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HALL OF FAMETOP 500 REVIEWERVINE VOICEon 5 September 2004
Researchers constantly find that reading to children is valuable in a variety of ways, not least of which are instilling a love of reading and improved reading skills. With better parent-child bonding from reading, your child will also be more emotionally secure and able to relate better to others. Intellectual performance will expand as well. Spending time together watching television fails as a substitute.
To help other parents apply this advice, as a parent of four I consulted an expert, our youngest child, and asked her to share with me her favorite books that were read to her as a young child. Horton Hears a Who! was one of her picks.
On the surface, this is a story about an elephant going the extra mile to respect those who are as different from him as they can possibly be.
"He was splashing . . . enjoying the jungle's great joys . . .
When Horton the elephant heard a small noise."
He notices a speck of dust, passing in the air. With his large ears, he can hear something coming from that dust. Quickly, he imagines that there is some sort of a creature of very small size on the dust.
No one else believes him, and he is taunted and tortured by the other animals . . . who cannot hear the small noise. They think Horton has gone mad! After tribulations that would daunt any decent, dedicated elephant, he must find a way to convince the other animals before they overwhelm him and destroy the dust (and the Whos along with it!).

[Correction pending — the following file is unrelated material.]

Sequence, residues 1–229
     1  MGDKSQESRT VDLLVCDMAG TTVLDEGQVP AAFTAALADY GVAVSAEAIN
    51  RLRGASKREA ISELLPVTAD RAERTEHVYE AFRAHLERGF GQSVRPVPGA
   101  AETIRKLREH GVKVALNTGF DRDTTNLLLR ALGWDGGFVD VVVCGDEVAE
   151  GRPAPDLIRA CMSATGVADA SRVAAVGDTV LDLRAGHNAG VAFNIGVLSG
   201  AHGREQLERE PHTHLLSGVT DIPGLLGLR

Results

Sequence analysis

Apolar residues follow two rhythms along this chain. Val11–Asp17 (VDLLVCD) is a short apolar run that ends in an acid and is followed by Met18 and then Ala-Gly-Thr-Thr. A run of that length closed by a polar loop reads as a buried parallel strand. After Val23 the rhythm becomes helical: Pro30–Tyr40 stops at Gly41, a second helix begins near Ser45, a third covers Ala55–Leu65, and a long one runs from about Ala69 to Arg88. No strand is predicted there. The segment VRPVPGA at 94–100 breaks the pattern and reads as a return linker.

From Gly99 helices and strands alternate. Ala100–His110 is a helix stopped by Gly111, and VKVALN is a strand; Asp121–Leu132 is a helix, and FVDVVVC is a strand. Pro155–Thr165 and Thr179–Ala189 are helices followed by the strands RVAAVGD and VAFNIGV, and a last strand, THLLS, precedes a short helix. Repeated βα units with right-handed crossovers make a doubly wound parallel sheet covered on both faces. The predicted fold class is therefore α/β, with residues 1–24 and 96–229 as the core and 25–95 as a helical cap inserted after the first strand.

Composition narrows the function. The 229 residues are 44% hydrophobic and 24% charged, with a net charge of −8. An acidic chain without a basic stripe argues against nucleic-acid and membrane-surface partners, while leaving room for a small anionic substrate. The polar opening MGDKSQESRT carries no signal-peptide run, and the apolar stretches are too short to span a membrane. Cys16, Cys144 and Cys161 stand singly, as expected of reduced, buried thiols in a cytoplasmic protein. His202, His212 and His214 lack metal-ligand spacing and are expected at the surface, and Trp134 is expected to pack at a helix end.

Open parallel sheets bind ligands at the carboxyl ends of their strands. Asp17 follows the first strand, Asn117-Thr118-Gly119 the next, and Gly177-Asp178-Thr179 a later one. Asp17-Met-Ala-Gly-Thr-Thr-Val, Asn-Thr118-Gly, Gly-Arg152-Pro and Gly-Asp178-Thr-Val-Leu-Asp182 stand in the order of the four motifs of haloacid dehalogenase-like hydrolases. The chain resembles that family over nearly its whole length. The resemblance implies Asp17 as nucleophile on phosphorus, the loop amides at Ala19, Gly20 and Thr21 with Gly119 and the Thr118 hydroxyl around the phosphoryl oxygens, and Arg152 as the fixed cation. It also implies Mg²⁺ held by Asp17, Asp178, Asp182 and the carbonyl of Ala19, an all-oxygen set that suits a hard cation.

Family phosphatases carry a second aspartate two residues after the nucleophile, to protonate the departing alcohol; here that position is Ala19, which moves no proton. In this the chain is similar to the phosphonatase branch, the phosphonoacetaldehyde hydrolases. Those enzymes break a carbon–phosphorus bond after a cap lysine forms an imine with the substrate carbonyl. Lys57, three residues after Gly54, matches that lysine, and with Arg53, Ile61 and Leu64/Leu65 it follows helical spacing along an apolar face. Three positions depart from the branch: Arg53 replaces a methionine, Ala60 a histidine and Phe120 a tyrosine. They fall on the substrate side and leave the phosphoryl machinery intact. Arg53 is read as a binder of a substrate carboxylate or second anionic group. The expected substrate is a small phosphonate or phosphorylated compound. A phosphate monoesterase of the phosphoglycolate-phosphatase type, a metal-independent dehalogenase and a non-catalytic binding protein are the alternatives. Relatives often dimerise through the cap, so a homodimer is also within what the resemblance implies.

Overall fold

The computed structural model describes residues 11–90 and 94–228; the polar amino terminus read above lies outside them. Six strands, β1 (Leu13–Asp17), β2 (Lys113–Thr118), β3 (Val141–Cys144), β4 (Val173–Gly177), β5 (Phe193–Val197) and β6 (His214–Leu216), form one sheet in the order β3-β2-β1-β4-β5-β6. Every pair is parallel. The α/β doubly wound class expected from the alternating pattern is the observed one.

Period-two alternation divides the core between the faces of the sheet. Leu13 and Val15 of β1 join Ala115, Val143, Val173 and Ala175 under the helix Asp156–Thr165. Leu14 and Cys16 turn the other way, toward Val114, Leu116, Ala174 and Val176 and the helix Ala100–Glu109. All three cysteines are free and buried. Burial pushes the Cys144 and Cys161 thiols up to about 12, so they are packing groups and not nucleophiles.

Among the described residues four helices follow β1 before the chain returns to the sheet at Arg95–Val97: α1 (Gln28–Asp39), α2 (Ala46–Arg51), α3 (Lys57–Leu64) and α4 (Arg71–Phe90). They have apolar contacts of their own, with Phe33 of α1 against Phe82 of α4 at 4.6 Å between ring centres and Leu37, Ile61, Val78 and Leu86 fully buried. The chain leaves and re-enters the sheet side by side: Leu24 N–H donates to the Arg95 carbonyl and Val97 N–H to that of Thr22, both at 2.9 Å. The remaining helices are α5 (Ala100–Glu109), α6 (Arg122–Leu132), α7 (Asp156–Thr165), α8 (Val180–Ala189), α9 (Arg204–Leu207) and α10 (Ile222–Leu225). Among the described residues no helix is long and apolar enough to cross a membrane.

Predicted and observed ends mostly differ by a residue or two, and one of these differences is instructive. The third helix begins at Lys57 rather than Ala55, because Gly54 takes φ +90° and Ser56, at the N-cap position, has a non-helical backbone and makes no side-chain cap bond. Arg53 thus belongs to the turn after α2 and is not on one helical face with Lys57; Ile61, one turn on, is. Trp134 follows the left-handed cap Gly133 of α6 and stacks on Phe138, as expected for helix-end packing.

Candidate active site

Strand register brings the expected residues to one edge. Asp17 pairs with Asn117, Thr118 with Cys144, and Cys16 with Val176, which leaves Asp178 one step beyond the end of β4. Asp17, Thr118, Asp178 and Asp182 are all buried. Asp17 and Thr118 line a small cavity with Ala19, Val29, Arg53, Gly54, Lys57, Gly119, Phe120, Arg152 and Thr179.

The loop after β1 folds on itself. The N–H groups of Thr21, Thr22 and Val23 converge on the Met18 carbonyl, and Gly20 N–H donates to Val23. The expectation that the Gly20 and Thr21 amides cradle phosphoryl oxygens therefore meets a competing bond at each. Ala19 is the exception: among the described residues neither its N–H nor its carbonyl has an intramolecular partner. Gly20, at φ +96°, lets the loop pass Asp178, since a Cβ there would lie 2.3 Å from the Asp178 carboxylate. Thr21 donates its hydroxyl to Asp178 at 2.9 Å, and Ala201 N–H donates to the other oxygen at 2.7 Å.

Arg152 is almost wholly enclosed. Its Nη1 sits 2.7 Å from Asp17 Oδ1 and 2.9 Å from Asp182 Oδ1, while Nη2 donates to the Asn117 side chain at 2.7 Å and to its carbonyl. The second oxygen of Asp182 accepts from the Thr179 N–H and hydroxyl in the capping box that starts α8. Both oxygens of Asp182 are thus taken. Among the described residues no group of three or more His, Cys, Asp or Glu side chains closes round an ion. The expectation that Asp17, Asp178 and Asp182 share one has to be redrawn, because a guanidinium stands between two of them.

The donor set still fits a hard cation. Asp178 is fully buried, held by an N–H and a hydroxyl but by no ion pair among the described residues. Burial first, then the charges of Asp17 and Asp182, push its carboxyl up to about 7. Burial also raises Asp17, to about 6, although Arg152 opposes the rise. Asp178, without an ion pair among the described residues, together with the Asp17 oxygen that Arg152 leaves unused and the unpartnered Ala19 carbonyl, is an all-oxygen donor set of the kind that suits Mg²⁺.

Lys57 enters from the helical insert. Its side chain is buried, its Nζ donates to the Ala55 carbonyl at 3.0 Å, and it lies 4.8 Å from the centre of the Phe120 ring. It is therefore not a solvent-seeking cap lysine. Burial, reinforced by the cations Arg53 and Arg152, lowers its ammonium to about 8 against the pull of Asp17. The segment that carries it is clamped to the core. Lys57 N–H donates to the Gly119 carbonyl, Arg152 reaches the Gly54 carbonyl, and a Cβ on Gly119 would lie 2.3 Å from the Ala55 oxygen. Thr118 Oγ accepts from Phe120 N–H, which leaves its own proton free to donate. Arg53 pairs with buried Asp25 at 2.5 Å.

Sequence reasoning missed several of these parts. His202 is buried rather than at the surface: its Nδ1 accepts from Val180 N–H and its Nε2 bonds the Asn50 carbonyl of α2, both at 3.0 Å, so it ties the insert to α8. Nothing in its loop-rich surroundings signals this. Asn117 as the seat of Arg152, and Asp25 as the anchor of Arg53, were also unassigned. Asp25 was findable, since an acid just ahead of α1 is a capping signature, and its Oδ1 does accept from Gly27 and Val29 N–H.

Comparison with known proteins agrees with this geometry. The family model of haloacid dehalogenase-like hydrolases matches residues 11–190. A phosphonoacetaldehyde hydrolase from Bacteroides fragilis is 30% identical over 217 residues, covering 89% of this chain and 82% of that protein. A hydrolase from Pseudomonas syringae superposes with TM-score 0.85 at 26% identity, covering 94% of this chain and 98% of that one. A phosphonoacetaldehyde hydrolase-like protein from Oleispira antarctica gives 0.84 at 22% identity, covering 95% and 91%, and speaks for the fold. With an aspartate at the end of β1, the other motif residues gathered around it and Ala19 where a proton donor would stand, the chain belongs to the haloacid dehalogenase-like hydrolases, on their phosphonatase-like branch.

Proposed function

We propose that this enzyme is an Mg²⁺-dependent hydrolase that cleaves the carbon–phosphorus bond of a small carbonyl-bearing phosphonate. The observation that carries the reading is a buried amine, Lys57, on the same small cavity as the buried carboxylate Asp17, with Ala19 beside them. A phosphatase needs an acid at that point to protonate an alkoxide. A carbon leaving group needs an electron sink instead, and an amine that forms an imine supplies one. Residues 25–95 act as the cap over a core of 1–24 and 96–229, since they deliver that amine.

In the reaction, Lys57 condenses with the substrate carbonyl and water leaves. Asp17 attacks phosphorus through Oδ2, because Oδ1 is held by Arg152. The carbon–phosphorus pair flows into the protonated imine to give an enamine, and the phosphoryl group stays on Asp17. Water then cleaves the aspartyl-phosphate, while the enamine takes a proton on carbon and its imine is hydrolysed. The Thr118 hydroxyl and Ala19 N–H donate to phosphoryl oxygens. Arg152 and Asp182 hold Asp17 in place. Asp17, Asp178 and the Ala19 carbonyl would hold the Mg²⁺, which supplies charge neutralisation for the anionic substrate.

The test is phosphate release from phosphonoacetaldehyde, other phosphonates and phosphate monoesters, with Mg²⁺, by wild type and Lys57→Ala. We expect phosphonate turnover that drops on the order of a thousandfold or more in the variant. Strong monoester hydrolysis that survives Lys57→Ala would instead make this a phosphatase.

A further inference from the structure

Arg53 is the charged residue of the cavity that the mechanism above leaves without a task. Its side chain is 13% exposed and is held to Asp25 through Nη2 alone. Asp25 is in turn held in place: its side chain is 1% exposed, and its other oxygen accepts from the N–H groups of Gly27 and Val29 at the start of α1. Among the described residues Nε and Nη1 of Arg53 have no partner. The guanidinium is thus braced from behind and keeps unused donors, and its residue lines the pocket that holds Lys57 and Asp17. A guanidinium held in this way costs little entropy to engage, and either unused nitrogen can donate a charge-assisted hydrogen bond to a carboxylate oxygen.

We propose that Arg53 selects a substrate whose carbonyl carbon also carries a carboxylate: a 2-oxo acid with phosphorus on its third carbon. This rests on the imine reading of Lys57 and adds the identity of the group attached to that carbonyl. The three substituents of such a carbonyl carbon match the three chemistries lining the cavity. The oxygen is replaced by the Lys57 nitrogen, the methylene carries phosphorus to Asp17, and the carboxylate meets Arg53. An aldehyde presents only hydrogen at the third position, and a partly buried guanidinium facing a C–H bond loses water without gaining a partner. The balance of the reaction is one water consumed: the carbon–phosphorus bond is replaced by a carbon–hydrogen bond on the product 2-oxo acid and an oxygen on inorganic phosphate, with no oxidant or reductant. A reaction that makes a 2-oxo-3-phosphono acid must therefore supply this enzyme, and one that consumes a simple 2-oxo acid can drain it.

He tells the tiny Whos to make as much noise as possible. But still the other animals cannot hear them. Finally, the mayor of the Whos finds a shirker who is playing with his yo-yo rather than making noise. As soon as the small Who makes his sound, all the animals can hear. Then the Whos are safe.
The metaphor here is that the strong must protect the weak, but the weak must also be as outspoken as possible if the strong are going to be able to help them. That can make for a wonderful discussion about bullies and pushy children in school.
Beyond that, I have always seen this book as Dr. Seuss's apology for his sometimes anti-Japanese cartoons (including an anti-Japanese-American version) during the early days of World War II when he was a political cartoonist (see Dr. Seuss Goes to War). Why do I think that? The book is dedicated as follows: "For My Great Friend, Mitsugi Nakamura of Kyoto, Japan". I read that as being dedicated to all those of Japanese ancestry as well. In this eloquent plea for common decency, Dr. Seuss rises to be a great man.
Discuss with your child when and where these concepts might come into play. Younger siblings and cousins can provide a good starting point. Then you can go on to talk about the role of parents in helping their children. You'll have a wonderful chat, the first of many.
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